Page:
To date, no sham-controlled randomised controlled trial (RCT) of rTMS in SE-AN has been conducted. The present trial (Transcranial Magnetic Stimulation and Neuroimaging in Anorexia Nervosa) aimed to assess the feasibility of using rTMS compared with sham treatment in people with SE-AN and to inform the development of a large-scale sham-controlled RCT.16 Our primary objective was:
To assess recruitment, attendance and retention rates.
Secondary objectives were:
To estimate the treatment effect sizes and standard deviations for outcome measures to inform future sample size calculations.
To determine safety and tolerability of rTMS in SE-AN.
Subsidiary objectives were to assess neuropsychological and neural correlates and predictors of rTMS treatment in AN and to assess within-session change processes. Findings relating to these will be published elsewhere. The study rationale, aims and tentative hypotheses, along with the trial design and methodology are described fully in a protocol paper.16
Design, participants and setting
In a double-blind parallel group, randomised controlled design, participants were allocated to receive 20 sessions of either real or sham high-frequency rTMS in addition to treatment-as-usual (TAU). Outcomes were assessed at baseline (pre-randomisation), post-treatment (~1 month post-randomisation) and at follow-up (~4 months post-randomisation).
Right-handed community-dwelling adults (≥18 years old) with a current Diagnostic and Statistical Manual of Mental Disorders (5th edition17 [DSM-5]) diagnosis of AN and a body mass index (BMI) >14 kg/m2 were eligible. Participants had to have a severe, enduring form of AN; this was defined as an illness duration of ≥3 years and completion of at least one previous course of treatment (eg, National Institute for Health and Care Excellence [NICE18]-recommended specialist psychotherapy or specialist day-patient or inpatient treatment for their ED) (We accept that there is a continuing debate on definitions of SE-AN; for review, see Broomfield et al.19). To take part, participants needed agreement from their ED clinician or general practitioner. Main exclusion criteria were related to contraindications to either rTMS or MRI (for details, see 16).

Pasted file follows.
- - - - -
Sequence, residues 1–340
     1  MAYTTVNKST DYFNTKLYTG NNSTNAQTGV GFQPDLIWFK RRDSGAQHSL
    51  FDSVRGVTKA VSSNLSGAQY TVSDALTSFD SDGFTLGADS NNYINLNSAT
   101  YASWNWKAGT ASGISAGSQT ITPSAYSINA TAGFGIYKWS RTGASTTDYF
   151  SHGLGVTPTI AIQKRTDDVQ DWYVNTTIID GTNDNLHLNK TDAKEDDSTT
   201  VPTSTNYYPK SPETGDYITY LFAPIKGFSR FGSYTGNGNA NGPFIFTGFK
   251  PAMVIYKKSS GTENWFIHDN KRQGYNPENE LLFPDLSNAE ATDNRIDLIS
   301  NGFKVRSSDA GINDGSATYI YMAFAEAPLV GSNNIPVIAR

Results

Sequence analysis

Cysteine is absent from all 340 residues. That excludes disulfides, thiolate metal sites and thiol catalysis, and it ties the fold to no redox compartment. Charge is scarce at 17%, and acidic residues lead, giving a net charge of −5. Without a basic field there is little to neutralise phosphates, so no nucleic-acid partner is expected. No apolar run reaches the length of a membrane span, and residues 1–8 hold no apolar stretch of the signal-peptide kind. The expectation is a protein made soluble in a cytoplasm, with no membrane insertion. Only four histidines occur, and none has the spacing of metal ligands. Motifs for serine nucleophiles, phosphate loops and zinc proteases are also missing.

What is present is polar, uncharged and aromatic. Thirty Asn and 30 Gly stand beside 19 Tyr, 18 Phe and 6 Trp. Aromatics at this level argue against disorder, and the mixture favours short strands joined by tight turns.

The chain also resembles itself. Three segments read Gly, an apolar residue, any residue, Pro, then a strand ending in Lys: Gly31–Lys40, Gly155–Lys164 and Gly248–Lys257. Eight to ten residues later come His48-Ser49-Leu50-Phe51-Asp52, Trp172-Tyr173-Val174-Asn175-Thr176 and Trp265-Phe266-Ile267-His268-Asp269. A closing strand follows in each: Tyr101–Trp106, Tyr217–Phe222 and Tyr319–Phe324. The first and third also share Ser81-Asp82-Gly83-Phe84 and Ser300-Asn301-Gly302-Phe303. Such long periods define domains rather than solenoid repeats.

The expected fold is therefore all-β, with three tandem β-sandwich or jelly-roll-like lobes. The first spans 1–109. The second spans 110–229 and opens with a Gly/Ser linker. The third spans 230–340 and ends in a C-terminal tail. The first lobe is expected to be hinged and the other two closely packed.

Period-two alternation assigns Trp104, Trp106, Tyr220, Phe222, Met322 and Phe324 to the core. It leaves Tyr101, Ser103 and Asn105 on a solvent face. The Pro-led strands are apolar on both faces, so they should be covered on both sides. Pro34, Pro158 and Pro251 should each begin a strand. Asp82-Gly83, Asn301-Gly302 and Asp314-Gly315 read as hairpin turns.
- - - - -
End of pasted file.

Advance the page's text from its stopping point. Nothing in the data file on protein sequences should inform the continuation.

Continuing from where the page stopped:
Participants were recruited from the Eating Disorders Unit at the South London and Maudsley NHS Foundation Trust, through online and media advertisements and through participation in other research projects.
Potential participants underwent a screening procedure to determine eligibility (see 16 for details). Once eligibility was determined, participants’ written informed consent was obtained prior to the baseline assessment.
Randomisation and blinding